My Virtual Child Final Paper

1887 words 8 pages
My Virtual Child Final Paper
Samantha D. Gross
Developmental Psychology; PSY360
Purdue University North Central

With what I have learned from the My Virtual Child program, I now understand the complexities of raising and guiding a child. Mere decisions made during infancy can affect a child long term, physically, cognitively, and even emotionally. To make important developmental decisions cannot simply be classified as a challenge, it is one of the hardest things parents experience. Making decisions for one’s self, as opposed to making decisions for one’s child is so challenging that most people will not understand until they have children. Even with the realistic impression this program has, I would venture to say that even
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As I previously mentioned, I believe that Noah had a secure attachment with both my partner and me. An examiner noted at Noah’s 19-month developmental testing that it was clear we were a secure base for him and we were encouraged to continue with the same parenting practices (Berk, 2014, pp. 187). As a toddler he often ventured off to explore, but would always check back to make sure we were still there for him. Also, when Noah was an infant and I attempted to go back to work, he would act very distressed when I left. When I returned home Noah seemed more than happy to see me and for the majority of the following evening he demanded almost constant attention (Berk, 2014, pp. 197). It was clear that Noah preferred my partner or me to a stranger and instead of taking him to daycare we had to ask a family member to watch Noah while we were at work.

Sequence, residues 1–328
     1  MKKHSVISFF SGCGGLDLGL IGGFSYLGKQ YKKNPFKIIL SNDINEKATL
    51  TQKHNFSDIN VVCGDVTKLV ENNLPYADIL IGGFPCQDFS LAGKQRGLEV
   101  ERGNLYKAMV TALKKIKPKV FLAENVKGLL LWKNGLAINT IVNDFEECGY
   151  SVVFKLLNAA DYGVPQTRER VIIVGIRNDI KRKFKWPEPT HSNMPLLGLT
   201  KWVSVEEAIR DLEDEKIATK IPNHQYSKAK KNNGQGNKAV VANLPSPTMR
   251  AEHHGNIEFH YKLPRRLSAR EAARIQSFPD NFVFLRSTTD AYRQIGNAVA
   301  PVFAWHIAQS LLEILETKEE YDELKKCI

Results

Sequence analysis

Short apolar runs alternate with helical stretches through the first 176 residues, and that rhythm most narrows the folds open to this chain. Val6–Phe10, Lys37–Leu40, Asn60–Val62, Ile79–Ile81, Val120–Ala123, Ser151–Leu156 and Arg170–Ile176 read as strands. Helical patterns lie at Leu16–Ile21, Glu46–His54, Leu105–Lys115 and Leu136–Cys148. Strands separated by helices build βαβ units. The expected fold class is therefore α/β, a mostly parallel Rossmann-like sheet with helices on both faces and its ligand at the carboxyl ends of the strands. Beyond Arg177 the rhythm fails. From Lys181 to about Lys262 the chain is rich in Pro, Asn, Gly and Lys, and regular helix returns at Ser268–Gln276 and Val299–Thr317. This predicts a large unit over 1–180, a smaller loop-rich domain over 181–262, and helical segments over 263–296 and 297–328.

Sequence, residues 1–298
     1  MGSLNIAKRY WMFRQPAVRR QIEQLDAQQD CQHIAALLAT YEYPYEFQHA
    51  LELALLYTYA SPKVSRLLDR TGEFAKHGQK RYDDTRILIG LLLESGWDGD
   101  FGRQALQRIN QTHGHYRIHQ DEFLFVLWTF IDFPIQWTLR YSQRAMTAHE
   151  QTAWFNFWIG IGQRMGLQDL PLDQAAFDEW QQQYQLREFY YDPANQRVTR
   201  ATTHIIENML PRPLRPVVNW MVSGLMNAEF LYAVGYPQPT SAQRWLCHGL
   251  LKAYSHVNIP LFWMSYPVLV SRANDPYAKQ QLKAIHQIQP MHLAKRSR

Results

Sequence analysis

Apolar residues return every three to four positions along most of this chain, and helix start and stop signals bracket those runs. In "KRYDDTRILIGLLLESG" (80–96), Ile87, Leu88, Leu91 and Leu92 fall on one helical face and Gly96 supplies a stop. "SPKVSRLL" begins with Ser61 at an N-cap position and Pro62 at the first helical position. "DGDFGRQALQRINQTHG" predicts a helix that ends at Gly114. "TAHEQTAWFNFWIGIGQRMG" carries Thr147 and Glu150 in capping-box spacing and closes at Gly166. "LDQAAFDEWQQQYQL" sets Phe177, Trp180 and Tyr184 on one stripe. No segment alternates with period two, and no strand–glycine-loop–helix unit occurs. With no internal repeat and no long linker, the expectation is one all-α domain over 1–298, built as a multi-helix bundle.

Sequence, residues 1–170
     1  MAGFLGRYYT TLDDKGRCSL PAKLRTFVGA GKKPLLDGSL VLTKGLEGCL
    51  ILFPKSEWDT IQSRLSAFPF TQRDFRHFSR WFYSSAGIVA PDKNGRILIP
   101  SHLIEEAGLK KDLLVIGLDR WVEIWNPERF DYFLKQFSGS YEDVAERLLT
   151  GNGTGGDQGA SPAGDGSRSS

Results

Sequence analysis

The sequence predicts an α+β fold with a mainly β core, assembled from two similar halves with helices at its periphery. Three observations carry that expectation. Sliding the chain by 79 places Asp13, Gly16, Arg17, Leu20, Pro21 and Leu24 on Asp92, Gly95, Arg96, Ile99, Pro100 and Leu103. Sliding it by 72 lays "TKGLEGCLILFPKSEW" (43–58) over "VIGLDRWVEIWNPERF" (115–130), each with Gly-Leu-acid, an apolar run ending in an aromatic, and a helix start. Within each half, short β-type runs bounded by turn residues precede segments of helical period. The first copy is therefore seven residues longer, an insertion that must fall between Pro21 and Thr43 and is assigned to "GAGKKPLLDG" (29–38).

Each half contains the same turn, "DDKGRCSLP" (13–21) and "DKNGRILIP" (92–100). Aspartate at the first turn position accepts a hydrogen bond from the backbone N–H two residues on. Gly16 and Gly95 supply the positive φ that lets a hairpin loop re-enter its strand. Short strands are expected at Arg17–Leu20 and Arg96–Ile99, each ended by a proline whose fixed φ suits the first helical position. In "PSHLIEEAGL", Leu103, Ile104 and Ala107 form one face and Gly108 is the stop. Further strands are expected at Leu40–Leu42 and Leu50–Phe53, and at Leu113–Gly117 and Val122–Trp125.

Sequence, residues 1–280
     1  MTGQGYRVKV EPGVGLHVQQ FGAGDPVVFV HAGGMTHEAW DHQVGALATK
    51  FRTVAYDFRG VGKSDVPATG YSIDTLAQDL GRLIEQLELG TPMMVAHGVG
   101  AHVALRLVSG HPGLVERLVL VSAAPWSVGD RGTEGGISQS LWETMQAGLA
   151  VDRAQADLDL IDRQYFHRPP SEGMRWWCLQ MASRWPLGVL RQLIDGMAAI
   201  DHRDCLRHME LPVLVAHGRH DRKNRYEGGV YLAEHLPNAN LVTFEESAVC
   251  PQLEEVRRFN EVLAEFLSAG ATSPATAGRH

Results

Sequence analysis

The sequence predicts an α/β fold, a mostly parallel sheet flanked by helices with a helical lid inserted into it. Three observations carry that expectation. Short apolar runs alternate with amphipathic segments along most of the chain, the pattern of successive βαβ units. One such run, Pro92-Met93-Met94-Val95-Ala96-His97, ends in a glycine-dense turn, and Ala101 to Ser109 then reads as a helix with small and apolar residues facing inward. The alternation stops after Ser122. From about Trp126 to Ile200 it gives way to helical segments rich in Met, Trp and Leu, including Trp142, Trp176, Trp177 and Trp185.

At age four we noticed that Noah was somewhat rigid with gender roles. He had gender schemas established for both men and women and did not stray from his beliefs very often. Once while Noah was in the car with me, I was pulled over by a female police officer and Noah did not believe that she was a real officer because she was a woman. At the time, Noah could have been classified as a gender-schematic child because he identified the behaviors of men and women as either masculine or feminine (Berk,


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